This story from the Des Moines Register is written in a somewhat light-hearted, wink-wink, nudge-nudge style but putting a little thought into it reveals that, like an iceberg, the dangerous part is below the surface.
The question here is about how casinos outside Las Vegas market themselves to attract customers and how those customers translate that message. The fired employee, Mr. Jorgensen, demonstrated that he understood exactly the intent of the Iowa casino’s marketers in their sales campaign. He said “The advertisement is that it’s just like Las Vegas, so I thought I was in Las Vegas.” Mr. Jorgensen was drawn by the implied promise and the belief that “what happens in Iowa City stays in Iowa City.” Obviously, this was a mistaken belief.
What Mr. Jorgensen believed was that he was being treated by the casino, his employer, to a night of drunken debauchery, complete with gambling, pornography, prostitutes, etc. What his casino bosses know and are actively trying to obfuscate is that Mr. Jorgensen’s assumption is exactly what they’re trying to sell to certain kinds of people. People like Mr. Jorgensen. But the obfuscation is in play because the casino operators know that there is a tension in their marketing efforts. If Iowans who aren’t really paying attention, having been temporarily dazed and confused by claims of giant revenues and consequent potential unlimited benefits from allowing casino gambling, begin to see the truth of what casino gambling brings to surrounding communities they will demand an end to it. And the cold reality is that casino gambling brings increased theft, prostitution, assault, broken families, bankruptcies, drugs, pornography, gambling addiction and costs to clean up the mess that far exceed the revenues.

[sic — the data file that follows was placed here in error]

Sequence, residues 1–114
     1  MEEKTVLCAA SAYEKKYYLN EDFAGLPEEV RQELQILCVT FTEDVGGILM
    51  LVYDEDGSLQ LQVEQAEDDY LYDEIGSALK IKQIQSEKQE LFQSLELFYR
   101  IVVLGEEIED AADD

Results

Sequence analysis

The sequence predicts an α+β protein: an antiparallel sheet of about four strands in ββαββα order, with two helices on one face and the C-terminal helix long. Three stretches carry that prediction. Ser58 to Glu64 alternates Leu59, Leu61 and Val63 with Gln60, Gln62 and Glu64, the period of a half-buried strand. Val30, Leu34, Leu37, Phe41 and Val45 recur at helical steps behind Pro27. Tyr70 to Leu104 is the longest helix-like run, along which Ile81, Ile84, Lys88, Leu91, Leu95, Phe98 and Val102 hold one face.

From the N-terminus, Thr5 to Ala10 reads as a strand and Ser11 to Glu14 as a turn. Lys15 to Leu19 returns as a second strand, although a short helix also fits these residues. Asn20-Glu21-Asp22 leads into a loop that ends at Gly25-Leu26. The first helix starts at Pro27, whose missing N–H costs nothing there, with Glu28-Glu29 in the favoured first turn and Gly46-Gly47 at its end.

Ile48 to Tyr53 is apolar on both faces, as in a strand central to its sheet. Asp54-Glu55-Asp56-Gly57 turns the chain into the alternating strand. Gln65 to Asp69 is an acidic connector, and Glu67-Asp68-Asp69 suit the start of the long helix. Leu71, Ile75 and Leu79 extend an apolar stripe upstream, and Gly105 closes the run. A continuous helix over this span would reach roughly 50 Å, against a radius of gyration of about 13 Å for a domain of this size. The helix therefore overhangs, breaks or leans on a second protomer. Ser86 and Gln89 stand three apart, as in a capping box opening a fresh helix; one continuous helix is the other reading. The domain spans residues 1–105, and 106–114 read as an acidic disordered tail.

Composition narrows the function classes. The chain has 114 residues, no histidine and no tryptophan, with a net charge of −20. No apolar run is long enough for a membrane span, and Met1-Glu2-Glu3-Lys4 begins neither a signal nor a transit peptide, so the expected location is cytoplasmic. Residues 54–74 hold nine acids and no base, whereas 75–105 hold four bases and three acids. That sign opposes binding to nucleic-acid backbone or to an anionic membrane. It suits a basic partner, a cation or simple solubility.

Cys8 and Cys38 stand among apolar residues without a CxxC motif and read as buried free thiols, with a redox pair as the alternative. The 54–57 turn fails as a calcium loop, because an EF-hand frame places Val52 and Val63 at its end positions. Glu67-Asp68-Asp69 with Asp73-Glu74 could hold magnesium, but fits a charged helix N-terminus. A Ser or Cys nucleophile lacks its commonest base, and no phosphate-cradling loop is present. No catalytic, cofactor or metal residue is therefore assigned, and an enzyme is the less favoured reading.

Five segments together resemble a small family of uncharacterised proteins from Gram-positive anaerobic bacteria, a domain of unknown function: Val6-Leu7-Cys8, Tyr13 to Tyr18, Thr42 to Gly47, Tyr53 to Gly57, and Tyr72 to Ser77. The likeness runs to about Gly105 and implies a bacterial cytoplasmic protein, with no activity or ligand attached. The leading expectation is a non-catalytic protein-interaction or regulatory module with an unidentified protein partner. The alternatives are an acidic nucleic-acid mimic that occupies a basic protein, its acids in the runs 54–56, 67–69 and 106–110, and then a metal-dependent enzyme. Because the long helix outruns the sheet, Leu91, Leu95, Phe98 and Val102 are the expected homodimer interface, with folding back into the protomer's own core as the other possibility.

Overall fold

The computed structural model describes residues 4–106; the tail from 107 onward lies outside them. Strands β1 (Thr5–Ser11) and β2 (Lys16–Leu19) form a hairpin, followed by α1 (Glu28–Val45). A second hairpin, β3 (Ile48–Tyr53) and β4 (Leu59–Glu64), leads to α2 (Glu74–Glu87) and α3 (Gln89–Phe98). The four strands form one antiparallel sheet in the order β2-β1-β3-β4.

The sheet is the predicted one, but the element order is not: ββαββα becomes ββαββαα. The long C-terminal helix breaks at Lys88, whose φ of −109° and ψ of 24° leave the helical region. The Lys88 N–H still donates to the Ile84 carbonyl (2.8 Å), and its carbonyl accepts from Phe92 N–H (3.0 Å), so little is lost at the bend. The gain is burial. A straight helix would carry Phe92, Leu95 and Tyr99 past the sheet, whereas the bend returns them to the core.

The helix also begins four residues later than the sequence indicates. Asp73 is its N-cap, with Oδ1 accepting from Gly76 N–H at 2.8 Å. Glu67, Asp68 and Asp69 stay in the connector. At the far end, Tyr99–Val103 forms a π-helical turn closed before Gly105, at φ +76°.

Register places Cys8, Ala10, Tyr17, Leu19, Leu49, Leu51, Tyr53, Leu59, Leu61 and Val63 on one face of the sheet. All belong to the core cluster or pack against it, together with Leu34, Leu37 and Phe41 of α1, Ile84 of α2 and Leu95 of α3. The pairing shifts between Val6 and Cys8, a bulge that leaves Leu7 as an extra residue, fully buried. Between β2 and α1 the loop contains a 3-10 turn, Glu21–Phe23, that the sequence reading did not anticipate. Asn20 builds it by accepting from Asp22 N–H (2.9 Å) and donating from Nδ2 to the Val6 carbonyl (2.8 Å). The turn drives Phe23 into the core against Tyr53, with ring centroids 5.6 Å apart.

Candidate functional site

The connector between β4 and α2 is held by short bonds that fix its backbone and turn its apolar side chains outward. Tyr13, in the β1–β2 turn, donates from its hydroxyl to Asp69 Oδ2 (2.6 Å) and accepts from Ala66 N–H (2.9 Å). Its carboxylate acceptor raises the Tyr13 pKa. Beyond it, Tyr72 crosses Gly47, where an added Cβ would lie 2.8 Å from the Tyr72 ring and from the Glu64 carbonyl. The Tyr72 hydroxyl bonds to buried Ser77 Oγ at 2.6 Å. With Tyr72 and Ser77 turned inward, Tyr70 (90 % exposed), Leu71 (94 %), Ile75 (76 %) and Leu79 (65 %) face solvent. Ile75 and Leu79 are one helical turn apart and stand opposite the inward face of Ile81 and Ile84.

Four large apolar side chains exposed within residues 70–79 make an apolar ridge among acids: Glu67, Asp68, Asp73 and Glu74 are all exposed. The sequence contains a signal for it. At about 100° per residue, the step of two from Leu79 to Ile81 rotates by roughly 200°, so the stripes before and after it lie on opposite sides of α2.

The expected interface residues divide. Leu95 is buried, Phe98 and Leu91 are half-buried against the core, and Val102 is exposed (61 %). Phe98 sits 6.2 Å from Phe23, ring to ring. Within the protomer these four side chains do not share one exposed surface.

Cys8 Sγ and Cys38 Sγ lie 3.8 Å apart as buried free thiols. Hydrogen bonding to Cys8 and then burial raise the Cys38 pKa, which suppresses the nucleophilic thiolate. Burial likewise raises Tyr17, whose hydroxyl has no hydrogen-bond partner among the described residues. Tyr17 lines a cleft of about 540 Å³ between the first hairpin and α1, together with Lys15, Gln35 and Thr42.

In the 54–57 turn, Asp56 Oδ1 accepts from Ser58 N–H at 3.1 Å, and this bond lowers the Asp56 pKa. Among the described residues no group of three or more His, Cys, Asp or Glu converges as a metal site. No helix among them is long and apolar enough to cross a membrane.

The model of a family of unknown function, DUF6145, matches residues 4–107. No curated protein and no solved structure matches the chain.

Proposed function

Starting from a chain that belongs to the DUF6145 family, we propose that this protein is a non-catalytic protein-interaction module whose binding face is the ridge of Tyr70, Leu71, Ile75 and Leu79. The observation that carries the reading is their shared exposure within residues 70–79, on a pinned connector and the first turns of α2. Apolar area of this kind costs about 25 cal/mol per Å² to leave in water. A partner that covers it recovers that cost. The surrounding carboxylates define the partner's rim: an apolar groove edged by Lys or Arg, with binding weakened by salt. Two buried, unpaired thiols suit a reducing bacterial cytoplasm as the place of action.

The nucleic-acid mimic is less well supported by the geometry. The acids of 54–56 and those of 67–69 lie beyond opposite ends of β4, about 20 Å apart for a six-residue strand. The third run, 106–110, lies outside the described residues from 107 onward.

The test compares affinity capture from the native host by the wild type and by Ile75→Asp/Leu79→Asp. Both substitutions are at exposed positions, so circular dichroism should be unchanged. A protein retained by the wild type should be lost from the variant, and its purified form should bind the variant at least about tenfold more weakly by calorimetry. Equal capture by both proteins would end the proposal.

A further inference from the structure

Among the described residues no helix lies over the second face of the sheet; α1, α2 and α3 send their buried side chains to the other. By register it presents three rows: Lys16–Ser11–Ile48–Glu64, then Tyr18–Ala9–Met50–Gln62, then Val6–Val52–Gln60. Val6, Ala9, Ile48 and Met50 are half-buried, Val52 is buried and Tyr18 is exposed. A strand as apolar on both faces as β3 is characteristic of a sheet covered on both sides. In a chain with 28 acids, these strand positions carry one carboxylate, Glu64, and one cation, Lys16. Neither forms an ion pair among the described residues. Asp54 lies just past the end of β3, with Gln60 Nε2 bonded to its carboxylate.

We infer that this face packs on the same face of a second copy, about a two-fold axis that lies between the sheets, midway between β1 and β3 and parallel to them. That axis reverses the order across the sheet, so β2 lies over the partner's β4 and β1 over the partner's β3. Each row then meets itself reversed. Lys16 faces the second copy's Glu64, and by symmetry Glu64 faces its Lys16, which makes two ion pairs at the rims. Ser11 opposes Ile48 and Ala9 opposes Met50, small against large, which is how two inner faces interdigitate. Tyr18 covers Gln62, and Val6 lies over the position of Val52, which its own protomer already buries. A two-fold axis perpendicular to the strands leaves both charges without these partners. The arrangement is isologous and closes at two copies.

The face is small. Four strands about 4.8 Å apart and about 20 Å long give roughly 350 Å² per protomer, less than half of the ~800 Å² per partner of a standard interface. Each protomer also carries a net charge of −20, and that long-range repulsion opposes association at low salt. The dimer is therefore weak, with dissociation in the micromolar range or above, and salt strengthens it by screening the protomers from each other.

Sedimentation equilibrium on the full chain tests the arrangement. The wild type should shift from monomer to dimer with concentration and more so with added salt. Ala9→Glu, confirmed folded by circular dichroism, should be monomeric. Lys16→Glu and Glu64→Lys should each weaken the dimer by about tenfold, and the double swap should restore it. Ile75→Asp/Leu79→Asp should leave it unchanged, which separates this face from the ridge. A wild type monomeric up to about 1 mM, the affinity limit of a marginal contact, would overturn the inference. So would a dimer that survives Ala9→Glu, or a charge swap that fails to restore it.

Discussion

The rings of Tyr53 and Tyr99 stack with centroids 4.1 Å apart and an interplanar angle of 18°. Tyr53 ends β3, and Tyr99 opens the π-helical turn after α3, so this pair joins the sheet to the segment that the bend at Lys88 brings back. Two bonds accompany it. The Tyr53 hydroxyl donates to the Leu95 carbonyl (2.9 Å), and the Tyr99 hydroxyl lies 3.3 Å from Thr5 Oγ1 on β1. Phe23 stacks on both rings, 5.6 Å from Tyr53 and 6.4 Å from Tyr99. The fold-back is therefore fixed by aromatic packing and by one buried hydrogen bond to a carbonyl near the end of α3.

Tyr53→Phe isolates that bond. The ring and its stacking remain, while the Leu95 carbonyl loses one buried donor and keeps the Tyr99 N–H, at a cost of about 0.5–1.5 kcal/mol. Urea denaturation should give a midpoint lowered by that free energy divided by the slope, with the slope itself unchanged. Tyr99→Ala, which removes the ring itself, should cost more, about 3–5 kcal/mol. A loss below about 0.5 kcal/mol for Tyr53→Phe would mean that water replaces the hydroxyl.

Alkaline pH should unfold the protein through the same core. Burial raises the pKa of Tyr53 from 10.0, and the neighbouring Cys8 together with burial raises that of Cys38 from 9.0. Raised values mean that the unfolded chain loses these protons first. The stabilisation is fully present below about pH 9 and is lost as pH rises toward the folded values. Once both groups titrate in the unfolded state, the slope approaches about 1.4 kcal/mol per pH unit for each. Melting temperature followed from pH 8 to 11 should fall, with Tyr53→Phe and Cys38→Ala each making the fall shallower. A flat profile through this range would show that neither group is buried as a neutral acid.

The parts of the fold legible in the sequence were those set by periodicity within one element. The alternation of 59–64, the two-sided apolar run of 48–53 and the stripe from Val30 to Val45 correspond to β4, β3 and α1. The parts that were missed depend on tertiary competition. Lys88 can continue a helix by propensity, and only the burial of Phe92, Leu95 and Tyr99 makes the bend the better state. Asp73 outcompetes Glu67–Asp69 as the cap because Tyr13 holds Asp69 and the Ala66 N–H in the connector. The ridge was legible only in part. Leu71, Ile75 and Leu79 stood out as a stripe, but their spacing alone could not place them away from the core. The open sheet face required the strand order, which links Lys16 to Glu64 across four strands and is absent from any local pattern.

So the trick for casino operators is to sell their non-Vegas casinos as the closest possible clone, implying that anything available in Vegas will be available in Iowa City or Wheeling or Rising Sun or wherever to gamblers and those who seek the other activities accompanying gambling while not awakening the locals to the cold reality. It’s a tight-rope walk and Mr. Jorgensen has been caught in the backdraft of casino management’s effort to show locals that they’re keeping it “family friendly.” Jorgensen, for one, gets the idea that he has been treated hypocritically. “Gamblers have been allowed to continue gambling after they’ve urinated on the blackjack table standing in full public view,” he testified. “I think there’s a little dual standard here.” Of course there’s a dual standard, but after all it’s for the common good!
Ohio needs to think very hard before allowing casino gambling, or keno machines, for that matter. Keno machines are no different from electronic slots and they have the problem of being constitutionally banned, though this little impediment doesn’t seem to bother Governor Strickland or Attorney General Marc Dann.